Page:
The most common symptoms of chickenpox include:
- Chickenpox rash
- Nausea/loss of appetite
- Fever (above 38°C)
- Malaise (feeling unwell)
Chickenpox is most easily characterized by the well-known chickenpox rashes. These start off as small red, itchy spots that can occur anywhere on the body, and undergo three telltale stages throughout the chickenpox infection.
The three stages of chickenpox rashes
Note that patient can have rashes of any stage at any one time on their body. The following images display what chickenpox looks like throughout different stages of the condition.
The chickenpox rash resembles red spots which have a semi-roundish outline. These can be slightly raised and can start to itch.
After 10-12 hours, the spots typically start to develop into fluid-filled vesicles which resemble blisters. These pustules might burst on their own. This is typically the itchiest stage of the rashes.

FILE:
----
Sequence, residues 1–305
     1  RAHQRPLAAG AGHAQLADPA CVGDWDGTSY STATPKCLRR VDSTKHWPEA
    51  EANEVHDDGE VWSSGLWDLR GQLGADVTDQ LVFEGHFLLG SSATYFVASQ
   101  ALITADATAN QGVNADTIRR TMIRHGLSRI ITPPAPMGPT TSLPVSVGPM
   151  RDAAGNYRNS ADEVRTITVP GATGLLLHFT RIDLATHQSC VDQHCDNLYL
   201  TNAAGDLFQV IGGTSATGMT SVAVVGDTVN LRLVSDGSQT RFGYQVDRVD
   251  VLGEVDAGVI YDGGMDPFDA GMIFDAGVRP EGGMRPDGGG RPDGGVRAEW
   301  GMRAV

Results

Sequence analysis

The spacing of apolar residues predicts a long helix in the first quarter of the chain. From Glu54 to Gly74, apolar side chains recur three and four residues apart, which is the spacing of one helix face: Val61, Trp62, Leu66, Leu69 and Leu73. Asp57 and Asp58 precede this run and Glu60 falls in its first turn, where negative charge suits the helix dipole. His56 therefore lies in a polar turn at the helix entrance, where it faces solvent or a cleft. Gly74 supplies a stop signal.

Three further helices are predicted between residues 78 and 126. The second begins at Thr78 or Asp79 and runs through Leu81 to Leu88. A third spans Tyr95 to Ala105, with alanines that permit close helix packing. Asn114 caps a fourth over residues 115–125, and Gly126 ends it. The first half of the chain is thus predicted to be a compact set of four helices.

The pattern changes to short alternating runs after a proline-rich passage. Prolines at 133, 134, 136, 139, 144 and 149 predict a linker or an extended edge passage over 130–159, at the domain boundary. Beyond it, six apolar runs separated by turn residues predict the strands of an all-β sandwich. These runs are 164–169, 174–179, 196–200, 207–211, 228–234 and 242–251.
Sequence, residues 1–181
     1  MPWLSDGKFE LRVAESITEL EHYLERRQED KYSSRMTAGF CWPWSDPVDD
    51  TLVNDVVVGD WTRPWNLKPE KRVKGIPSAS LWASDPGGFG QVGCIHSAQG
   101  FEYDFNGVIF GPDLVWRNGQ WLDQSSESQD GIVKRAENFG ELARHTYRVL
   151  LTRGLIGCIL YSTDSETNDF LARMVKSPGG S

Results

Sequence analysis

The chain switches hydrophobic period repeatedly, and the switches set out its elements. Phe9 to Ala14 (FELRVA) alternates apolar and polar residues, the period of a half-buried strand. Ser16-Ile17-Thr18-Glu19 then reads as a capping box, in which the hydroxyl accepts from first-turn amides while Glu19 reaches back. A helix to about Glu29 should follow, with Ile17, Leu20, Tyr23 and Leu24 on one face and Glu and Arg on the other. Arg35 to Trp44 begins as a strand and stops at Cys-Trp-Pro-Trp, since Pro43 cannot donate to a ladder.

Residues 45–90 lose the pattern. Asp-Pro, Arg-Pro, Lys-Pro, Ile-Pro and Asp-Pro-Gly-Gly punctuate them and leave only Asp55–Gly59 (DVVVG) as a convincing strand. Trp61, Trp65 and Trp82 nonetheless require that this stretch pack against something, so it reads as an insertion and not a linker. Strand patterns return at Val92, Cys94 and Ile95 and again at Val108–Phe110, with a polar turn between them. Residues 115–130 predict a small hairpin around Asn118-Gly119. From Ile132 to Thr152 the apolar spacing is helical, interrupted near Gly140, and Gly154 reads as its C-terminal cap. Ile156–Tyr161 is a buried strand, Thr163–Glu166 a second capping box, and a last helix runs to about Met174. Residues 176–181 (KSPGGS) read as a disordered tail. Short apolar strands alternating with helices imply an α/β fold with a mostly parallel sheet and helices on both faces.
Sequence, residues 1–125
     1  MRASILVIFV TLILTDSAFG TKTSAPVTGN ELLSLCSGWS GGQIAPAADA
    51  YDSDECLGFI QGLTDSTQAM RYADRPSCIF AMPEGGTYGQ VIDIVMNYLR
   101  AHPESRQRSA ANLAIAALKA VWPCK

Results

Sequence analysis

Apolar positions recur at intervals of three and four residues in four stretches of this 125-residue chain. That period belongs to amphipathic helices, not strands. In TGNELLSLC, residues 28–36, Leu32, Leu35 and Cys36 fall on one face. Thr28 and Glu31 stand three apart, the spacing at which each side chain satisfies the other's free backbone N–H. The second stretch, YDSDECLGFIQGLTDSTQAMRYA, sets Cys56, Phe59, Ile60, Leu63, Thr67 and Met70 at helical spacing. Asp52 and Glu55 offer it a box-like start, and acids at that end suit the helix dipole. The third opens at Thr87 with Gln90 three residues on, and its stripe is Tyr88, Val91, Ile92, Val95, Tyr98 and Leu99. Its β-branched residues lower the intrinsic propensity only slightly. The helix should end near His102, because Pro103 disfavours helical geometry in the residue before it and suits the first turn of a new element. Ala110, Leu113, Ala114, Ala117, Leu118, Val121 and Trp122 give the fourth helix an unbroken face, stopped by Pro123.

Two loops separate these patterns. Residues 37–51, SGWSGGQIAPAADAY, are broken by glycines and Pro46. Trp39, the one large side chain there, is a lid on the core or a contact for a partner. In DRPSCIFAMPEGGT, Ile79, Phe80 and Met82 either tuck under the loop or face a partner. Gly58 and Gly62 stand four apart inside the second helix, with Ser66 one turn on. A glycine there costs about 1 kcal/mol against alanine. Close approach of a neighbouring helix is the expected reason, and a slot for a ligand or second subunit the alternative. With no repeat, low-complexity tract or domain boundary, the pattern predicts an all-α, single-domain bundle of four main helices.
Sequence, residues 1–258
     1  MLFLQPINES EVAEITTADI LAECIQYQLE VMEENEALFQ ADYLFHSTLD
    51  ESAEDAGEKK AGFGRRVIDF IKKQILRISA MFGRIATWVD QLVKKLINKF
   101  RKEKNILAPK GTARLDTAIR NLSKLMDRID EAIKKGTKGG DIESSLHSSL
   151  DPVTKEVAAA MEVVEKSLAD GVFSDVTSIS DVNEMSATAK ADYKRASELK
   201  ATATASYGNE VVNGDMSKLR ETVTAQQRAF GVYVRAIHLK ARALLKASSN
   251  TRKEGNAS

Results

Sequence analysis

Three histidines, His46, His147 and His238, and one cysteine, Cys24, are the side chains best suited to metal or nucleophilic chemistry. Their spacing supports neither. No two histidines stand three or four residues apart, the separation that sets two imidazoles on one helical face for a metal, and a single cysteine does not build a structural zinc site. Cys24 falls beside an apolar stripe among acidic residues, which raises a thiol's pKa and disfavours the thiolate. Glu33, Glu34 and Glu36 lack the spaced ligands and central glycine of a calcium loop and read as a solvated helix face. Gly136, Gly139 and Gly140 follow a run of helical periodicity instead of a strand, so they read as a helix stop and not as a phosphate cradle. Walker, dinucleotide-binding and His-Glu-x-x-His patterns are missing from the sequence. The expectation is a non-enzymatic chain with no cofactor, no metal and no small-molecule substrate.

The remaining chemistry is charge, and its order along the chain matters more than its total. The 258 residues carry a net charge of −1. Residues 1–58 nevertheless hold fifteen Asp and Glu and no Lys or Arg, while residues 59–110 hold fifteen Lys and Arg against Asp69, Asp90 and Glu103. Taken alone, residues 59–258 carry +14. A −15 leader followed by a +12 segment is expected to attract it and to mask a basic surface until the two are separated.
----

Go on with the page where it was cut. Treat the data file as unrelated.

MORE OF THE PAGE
In the final stages of the rash, the blisters scab over and become/appear dry. This is known as umbilication.
Patients suffering from chickenpox also typically experience systemic signs of infection, including fatigue, malaise, high temperature (above 38°C), sweating, loss of appetite and feeling sick. These symptoms often occur before the chickenpox rashes develop, and can be a precursor to indicate a chickenpox infection is impending. Medically, these warning symptoms are known as prodromal symptoms. Prodromal symptoms uncommon in children, but are often seen in adolescents and adults.
Symptoms of a chickenpox infection can occur up to 3 weeks (but usually earlier) following exposure to the virus and can last anywhere between 5 to 7 days. However, the infection can persist for up a month in certain individuals. In these cases, you should seek medical advice.